May We Suggest?

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Prince Philip, Duke of Edinburgh, was born on June 10, 1921 and passed away on April 9, 2021, just shy of his 100th birthday. While his family and the world mourns and funeral arrangements are made, we can look back at the life of a leader, husband, father, grandfather, and great-grandfather. The longest living member of the British Royal Family due to his marriage to Queen Elizabeth, he will be cherished in memory by friends and family for many generations to come.   

Life of Prince Philip

Here at the library we love stories. It's kind of our thing! On April 27th we can all access our storytelling muscles as we celebrate National Tell a Story Day. We have so many to share with you, and of course, you could always make up your own--as silly, scary, or magical as you like. Have a great day!

Can you come out and play?

If you woke up tomorrow in Egypt with a yen for a good game of tag, you could find it. Then you could hop on your magic carpet and fly to Thailand to play Go Fish with some new friends. Later, you could seesaw until the cows come home in Ireland. Everyone loves to play and the universal appeal of games and goofing around is joyfully evident in COME OUT AND PLAY.

Brilliant, full-color photographs portray exuberant, playful kids from over 35 countries engaging in games of all kinds.

Penguins, penguins, everywhere! April 25th is World Penguin Day and what a joyful day it will be. You could be a part of this amazing day--practice your penguin waddle, draw penguin pictures and post them, build your own penguin nest out of things your find, and be sure to enjoy our great penguin materials available through our catalog! The ideas are endless.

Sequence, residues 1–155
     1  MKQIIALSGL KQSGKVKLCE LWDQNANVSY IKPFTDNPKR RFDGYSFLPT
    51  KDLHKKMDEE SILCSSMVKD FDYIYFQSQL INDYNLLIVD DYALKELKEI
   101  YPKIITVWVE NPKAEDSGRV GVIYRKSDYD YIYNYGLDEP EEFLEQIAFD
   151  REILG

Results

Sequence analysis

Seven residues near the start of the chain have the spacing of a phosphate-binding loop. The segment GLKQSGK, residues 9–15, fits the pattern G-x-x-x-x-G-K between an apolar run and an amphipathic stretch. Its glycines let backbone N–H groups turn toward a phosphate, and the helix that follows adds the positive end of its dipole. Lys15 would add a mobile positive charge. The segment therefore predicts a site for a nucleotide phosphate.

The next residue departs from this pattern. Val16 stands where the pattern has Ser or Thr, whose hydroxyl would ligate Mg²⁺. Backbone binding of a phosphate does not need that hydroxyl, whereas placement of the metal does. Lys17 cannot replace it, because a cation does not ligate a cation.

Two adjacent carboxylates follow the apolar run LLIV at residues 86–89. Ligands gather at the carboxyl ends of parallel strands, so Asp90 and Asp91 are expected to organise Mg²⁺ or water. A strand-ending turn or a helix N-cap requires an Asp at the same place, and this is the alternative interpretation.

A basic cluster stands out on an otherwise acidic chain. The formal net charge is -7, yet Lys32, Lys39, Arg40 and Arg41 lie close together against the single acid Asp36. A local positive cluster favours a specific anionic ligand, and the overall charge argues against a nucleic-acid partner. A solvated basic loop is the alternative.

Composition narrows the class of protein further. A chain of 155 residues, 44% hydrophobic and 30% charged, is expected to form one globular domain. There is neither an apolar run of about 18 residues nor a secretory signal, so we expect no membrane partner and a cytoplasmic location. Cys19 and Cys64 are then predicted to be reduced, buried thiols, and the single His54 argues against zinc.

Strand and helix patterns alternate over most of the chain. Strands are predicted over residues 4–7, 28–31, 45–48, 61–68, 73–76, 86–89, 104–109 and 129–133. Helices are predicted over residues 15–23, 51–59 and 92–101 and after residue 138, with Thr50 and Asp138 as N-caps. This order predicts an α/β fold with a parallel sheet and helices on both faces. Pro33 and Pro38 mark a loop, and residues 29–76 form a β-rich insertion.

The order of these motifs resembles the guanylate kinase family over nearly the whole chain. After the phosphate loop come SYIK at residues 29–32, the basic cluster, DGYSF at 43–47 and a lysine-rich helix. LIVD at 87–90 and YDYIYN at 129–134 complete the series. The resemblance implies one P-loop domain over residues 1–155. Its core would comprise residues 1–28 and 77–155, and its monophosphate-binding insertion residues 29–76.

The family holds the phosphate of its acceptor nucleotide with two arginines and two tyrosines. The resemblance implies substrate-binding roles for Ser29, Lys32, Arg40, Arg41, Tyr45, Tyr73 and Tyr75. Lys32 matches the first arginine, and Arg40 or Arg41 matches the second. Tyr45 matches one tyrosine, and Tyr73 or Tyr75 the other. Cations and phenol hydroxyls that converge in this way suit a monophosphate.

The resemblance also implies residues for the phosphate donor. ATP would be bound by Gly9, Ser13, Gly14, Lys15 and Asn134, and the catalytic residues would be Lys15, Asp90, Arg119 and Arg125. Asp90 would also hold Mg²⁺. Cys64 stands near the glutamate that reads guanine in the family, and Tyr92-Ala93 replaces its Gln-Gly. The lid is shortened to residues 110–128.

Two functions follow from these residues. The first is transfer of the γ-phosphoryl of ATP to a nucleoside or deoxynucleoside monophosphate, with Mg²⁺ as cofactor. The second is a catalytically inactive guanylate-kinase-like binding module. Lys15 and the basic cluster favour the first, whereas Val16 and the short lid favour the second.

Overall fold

Books

Do you love Dog Man? I know we do at the library but he is always checked out! Well, have no fear, we have some great books similar to Dog Man that you can enjoy reading while you are waiting for that newest Dog Man title to come back in. You might even make some really awesome new book friends as the same time! Enjoy!

Narwhal : unicorn of the sea by artist 1988- Ben Clanton

A happy-go-lucky, waffle-loving narwhal and a cynical, no-nonsense jellyfish forge an unlikely friendship and share adventures while exploring the ocean together.

I know the secret identity of Lady Whistledown! Do you? Are you a Bridgerton fan wanting something to do until season 2 of the wildly popular show (based on the books by Julia Quinn) begins on Netflix? Hopefully, some of these fun reads can help get you through until the return of Bridgerton! Enjoy!

A lady's formula for love by Elizabeth Everett